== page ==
Playful Paradigm II map of partners


    • 1-TNM-Kick-off meeting - Virtual
    • 2-TNM-Grosuplie (Slovenia) - Virtual
    • World Play Day 2022
    • 3-TNM-Jelgava (Latvia) - Virtual
    • 4-TNM-Igualada (Spain) - Face-to-face
    • 5-TNM-Lousã (Portugal) - Presence
    • 6-TNM-Udine (Italy) - Final Meeting - Presence

    Playful Paradigm increases the capabilities of cities to answer global challenges including those emerged during covid19. It promotes inclusion, intergenerational solidarity, SDGs, resilience, healthy lifestyles. Play is a serious matter and can make the difference for a better urban future of cities. The Playful paradigm helps to re-think the community welfare and it is replicable adaptable to other urban contexts, since play is a universal principle, naturally practiced by every human being.

    Games for inclusive, healthy and sustainable cities
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  • Social Impact Bonds: the secret tool for effective public services?

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    In times of financial constraints, total government expenditures on public services are decreasing, while citizens expect more and more effective services. Social Impact Bonds may be the tool for providing funds and overcoming short-term focus, fragmentation of services and lack of innovation.


    Total government expenditure in the EU-28 decreased from 50% of GDP to 45.8% between 2009 and 2017. Similarly, local government spending fell from 12% of GDP to 11% between 2009 and 2015. Still, demands on services have remained intense, and spending on social protection as a proportion of total expenditure increased from 38.8% to 41.2% and spending on health increased from 14.7% to 15.3% in the same period. Cities provide many of those services, -and doing so while running on tight budgets causes significant strain.

    Besides shrinking budgets, providing effective services fail because they are often split between different departments, and a holistic approach is lacking. Cities are pressured to allocate resources to solving crisis-point situations instead of spending on prevention. In such a context, decision-makers opt for the business-as-usual approach without risking relatively unknown interventions that have a severe upfront cost.

    In the meantime, the idea of ‘socially responsible’ or ‘impact investment’ is emerging amidst a low interest rate environment. The trend of investing in the social environment has become a way for investors to give back to the community. Very often, companies are trying to expand their social responsibility. As a result, a growing number of investors are looking for forms of impact investments as a way to stand up for their beliefs and also make a profit.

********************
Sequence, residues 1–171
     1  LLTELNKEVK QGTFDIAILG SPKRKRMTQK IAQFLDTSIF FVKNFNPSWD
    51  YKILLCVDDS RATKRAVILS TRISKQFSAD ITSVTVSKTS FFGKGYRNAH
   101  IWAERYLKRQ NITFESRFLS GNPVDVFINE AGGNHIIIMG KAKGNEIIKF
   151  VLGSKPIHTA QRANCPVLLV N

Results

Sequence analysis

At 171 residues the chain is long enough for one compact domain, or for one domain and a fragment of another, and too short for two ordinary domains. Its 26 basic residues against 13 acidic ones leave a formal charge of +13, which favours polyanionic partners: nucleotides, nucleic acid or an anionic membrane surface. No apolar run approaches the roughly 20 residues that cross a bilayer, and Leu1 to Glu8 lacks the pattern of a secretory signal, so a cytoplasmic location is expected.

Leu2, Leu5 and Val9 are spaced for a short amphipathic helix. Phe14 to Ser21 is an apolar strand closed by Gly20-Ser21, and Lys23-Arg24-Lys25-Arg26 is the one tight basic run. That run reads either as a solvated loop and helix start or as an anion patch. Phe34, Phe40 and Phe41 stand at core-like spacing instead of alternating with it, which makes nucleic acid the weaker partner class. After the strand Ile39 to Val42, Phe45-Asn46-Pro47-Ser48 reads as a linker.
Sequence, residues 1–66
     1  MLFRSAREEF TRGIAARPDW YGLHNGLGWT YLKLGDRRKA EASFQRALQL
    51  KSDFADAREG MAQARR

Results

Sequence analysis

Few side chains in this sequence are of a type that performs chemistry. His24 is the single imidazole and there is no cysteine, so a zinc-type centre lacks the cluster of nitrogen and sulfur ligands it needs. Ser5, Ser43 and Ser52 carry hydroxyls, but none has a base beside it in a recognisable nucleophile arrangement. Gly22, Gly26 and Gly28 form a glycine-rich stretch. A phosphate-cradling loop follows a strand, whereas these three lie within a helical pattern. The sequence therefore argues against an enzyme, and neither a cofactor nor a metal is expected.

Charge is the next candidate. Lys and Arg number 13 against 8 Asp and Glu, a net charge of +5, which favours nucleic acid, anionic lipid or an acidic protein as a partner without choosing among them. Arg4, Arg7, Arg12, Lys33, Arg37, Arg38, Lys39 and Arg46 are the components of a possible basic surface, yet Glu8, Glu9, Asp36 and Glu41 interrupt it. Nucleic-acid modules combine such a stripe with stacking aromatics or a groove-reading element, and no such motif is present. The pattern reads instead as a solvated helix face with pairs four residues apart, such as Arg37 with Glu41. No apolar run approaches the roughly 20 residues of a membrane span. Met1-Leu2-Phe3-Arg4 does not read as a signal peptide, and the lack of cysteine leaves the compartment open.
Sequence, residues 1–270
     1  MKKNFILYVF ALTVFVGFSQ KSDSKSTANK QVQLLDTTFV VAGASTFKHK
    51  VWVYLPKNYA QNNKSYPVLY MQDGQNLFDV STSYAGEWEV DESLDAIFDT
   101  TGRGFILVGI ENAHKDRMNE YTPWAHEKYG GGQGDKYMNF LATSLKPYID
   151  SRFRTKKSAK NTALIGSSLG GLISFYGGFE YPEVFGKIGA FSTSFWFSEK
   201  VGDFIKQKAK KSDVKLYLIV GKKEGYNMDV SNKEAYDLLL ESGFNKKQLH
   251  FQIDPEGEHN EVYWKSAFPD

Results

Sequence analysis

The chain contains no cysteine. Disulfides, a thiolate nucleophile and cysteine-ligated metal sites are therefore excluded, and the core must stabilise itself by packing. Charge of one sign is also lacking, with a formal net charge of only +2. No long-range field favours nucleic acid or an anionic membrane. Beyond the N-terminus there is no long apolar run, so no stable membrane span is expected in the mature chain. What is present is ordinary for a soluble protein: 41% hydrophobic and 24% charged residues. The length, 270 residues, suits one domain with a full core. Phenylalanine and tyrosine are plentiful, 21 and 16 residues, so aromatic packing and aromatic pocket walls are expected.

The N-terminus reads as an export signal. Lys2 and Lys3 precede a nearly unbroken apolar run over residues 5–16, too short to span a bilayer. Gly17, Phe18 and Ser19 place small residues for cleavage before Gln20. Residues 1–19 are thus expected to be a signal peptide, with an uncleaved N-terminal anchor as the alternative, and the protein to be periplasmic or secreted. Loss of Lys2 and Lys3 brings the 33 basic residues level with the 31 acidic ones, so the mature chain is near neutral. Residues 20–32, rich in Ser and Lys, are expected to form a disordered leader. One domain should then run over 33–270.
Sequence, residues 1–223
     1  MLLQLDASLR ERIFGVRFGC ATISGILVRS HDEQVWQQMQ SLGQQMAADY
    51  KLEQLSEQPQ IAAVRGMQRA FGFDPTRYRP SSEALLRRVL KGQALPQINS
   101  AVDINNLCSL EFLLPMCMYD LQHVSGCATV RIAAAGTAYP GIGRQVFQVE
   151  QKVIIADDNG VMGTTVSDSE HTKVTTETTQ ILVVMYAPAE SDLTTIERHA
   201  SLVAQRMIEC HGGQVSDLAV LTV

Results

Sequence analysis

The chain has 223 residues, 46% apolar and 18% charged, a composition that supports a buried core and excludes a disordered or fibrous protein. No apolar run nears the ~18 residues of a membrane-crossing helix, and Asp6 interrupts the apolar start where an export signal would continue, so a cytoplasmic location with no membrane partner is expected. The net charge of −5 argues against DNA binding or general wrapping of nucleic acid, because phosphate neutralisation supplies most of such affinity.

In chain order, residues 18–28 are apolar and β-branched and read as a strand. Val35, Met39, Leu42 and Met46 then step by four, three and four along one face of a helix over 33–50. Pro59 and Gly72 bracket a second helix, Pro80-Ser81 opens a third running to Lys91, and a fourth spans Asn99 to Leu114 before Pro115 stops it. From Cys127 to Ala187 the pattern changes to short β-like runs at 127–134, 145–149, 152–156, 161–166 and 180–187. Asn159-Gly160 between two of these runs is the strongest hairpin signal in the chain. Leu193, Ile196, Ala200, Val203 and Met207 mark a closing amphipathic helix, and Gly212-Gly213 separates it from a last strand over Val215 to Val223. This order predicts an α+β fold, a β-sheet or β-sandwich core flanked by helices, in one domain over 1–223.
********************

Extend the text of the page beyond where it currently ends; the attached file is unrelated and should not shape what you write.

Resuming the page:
The relatively new tool for bringing together the investor and the public sector is the Social Impact Bond (SIB). It is a contract whereby the public authority or governing authority pays for better social outcomes in certain areas and passes the savings achieved to investors. Unlike a bond, the repayment and the return on investment are contingent upon the achievement of desired social outcomes. If a project meets the pre-agreed results, i.e. an improved social outcome that generates a cost-saving, the government (this can be local or national) pays the investors. If a project does not achieve its contracted results, the investors lose their money, and the government pays nothing.

    1. Figure: Social Impact Bonds’ theory of change. Source: University of Oxford, Government Outcomes Lab - An Intro to SIB.

    A Social Impact Bond may have many beneficial effects for cities, as Government Outcomes Lab states in its Evidence Report titled ‘Building the tools for public services to secure better outcomes’. It encourages collaboration by building on cross-sector expertise and bringing together multiple commissioners and multiple providers. It unlocks future savings by investing more up-front, enabling cities to focus on prevention and early intervention services that might otherwise not get funded. A SIB may inspire innovation by allowing new interventions and more flexibility. It also levels the field for involving voluntary, community and social enterprise organisations. Last but not least, a SIB can improve performance management and provides a better quality of evidence.

    Many critics are contesting these benefits, saying that a SIB does not encourage genuine innovation. Investors will be looking for low-risk models that have been proven to deliver, as they want their money back. Moreover, a SIB is expensive to develop and leads to the financialization of the public sector, which is – for many - incompatible with the public service ethos.

    With evidence on both sides, Social Impact Bonds need more experimentation and evaluation. And despite these circumstances of austerity, some cities try to use the momentum to shift their approach towards this new tool. That is why 10 cities joined their forces in URBACT SIBdev Network to jointly explore how Social Impact Bonds, can improve public service delivery. The tool and the URBACT methodology, namely coproduction through multi-stakeholder local support groups and the development of local action plans fit perfectly.

    The network will examine service delivery concerning employment, ageing and immigration. Employment is an obvious choice since SIB is particularly well-suited to it, as demonstrated by the fact that it is the most common type of SIB worldwide. Ageing is the most massive pressure on social spending in Europe and affects a growing number of people, while immigration is the primary concern at the EU level (according to Eurobarometer).